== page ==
“Pomp and Circumstance” played as Faribault High School students walked across the stage in their gowns to receive their diplomas, and their families cheered in the crowd as teachers snapped photos.
But even though the class of 2020 experienced these signature moments, the coronavirus pandemic made their milestone experience different from anything FHS has ever hosted. With one senior per vehicle, students rode to FHS with their families and waited their turn to hear their name announced outside FHS.
Administration and teacher volunteer set up a drive-thru system in the FHS parking lot from 8 a.m. to 3 p.m. Wednesday and Thursday. Students were invited to participate in the commencement according to their last names. The event also gave students a chance to drop off their iPads and textbooks and pick up their yearbooks.
All photos from the two commencement events will be spliced together for a video that will air at 2 p.m. Sunday, June 7 on FCTV.
Bailey Simon, a recent graduate of Faribault High School, didn’t expect her graduation ceremony to be anything special after the administration decided to shift the commencement to a virtual format. But just after walking across a small stage outside FHS and posing with cardboard cutouts of the administration team Thursday, she said, “It feels awesome. It feels amazing.”
Being able to see her art teacher, Jackie DeMarais, one last time before furthering her education at St. Cloud State University was the icing on the cake for Simon. Finally, she could return the hall pass she took from DeMarais’ class before schools closed in response to COVID-19.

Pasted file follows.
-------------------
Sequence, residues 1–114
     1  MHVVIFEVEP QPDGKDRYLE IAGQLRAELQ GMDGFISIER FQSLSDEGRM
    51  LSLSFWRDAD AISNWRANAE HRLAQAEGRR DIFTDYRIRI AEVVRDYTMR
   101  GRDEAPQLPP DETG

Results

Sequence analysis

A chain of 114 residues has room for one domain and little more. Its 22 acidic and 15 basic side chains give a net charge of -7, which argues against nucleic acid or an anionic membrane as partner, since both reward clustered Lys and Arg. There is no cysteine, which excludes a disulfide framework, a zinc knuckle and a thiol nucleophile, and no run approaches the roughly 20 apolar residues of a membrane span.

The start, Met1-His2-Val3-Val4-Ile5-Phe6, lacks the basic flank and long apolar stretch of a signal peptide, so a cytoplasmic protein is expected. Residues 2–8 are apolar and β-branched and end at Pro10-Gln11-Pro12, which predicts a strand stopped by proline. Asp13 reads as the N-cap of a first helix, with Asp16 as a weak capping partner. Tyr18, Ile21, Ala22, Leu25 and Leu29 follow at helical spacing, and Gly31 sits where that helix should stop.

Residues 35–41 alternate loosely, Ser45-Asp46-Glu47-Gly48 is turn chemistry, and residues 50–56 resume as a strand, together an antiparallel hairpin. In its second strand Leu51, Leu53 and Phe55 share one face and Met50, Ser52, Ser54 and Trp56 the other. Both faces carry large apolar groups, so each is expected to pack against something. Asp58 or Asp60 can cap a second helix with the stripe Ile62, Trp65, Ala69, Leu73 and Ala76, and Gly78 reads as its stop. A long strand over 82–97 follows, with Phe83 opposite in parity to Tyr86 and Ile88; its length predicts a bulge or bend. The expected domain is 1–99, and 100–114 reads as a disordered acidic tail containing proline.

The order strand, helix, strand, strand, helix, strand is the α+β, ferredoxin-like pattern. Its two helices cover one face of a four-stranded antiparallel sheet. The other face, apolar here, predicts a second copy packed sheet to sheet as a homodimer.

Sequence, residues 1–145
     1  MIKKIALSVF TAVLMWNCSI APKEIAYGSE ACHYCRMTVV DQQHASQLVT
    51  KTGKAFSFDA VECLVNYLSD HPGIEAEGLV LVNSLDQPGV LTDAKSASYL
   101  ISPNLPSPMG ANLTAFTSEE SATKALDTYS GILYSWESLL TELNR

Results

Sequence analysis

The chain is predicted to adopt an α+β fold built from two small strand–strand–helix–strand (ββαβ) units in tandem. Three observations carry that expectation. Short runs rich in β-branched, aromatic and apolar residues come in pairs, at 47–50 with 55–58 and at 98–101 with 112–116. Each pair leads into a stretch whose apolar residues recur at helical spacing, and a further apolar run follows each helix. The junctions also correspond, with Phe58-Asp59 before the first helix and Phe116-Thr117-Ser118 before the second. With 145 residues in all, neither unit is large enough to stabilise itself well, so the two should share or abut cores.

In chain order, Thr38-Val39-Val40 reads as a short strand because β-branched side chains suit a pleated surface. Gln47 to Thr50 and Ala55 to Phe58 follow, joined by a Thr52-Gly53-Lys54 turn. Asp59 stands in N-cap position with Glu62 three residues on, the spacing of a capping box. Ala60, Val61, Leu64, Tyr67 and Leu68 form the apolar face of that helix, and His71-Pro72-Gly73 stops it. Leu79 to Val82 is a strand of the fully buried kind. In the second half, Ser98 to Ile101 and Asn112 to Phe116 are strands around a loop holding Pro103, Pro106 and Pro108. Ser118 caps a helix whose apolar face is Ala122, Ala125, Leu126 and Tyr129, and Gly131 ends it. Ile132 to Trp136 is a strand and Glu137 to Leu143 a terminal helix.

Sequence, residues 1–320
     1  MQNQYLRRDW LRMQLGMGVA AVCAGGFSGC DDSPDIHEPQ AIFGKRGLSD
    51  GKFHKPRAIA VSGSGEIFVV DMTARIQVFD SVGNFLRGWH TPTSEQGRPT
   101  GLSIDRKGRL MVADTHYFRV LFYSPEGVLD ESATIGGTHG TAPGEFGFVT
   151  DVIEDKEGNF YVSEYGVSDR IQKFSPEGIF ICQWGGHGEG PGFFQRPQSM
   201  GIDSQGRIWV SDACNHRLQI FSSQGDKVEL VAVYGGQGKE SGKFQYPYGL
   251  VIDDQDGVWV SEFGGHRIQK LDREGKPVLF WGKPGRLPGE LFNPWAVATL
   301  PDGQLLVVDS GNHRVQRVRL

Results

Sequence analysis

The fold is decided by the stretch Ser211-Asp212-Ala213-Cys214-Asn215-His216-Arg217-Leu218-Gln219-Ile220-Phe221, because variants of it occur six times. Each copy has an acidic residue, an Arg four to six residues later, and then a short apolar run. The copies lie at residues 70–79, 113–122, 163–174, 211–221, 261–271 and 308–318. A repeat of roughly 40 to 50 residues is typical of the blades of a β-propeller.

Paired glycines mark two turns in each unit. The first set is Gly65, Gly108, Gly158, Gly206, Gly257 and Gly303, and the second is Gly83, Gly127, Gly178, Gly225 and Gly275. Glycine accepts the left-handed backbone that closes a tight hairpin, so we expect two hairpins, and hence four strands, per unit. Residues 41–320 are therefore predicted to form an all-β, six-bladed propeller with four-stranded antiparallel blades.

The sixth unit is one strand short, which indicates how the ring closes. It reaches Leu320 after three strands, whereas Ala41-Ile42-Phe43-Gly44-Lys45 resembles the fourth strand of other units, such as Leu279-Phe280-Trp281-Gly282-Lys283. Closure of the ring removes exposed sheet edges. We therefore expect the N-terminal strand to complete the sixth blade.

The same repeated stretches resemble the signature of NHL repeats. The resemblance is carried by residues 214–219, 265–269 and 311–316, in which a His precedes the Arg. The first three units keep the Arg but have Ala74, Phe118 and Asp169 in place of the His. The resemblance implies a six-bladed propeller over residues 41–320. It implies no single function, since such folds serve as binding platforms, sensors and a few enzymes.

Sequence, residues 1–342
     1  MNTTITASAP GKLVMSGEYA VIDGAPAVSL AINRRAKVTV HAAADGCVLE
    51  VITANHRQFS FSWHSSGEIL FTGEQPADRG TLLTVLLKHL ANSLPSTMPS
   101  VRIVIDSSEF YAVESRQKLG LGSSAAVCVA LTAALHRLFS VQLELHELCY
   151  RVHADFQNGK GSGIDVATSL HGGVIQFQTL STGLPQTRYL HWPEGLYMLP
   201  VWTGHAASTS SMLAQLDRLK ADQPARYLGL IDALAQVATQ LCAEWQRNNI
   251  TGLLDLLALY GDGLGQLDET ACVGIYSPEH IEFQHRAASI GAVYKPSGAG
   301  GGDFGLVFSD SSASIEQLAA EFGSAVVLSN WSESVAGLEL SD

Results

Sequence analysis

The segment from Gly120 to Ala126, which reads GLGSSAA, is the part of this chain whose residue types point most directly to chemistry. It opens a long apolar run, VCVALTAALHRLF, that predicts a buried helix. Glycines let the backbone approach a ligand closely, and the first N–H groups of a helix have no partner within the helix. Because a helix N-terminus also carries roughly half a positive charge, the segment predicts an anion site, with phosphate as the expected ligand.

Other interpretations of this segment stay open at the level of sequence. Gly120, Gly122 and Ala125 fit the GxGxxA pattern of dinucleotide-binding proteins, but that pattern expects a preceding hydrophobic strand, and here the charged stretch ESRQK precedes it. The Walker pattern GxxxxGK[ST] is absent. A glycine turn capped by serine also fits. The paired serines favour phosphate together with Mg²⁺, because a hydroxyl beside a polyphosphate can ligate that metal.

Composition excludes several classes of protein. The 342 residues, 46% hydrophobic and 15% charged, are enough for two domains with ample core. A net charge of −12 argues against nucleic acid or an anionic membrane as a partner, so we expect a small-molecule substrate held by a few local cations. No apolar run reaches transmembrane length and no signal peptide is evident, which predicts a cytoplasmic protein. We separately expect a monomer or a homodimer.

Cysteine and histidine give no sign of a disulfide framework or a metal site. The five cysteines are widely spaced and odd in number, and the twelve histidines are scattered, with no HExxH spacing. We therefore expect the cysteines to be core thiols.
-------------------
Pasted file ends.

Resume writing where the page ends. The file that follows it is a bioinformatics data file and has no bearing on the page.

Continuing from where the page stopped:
FHS math teacher Claire Boatman volunteered to help manage the commencements. Around 30 staff members manned the different stations, directed traffic, marked off students’ names,and snapped photos.
“I think this is making it more personal for families, so they can really be a part of it with their child and hear their name as they walk across the stage,” said Boatman. “ … It’s short but really sweet, I think.”
As a teacher, Boatman said the individual commencements also provided a nice alternative to saying goodbye to her students virtually, where so much of the teacher-student interactions have happened in the past two months.
FHS Assistant Principal Joe Sage also commented on the personal feel of the ceremony, during which staff celebrated one student at a time.
“It has gone absolutely wonderfully,” said Sage. “I don’t think it could have been any better … It’s been really exciting to see kids smiling and enjoying this moment.”
But, there’s no denying that 2020 seniors still missed out on the camaraderie of a full capacity commencement. Waiting in her families’ vehicle before walking across the stage to receive her diploma, Ashley Sanchez said while she doesn’t mind the format FHS chose, she had wanted a traditional ceremony.
“I’d rather have it with all my friends,” said Sanchez. “I never got to say goodbye.”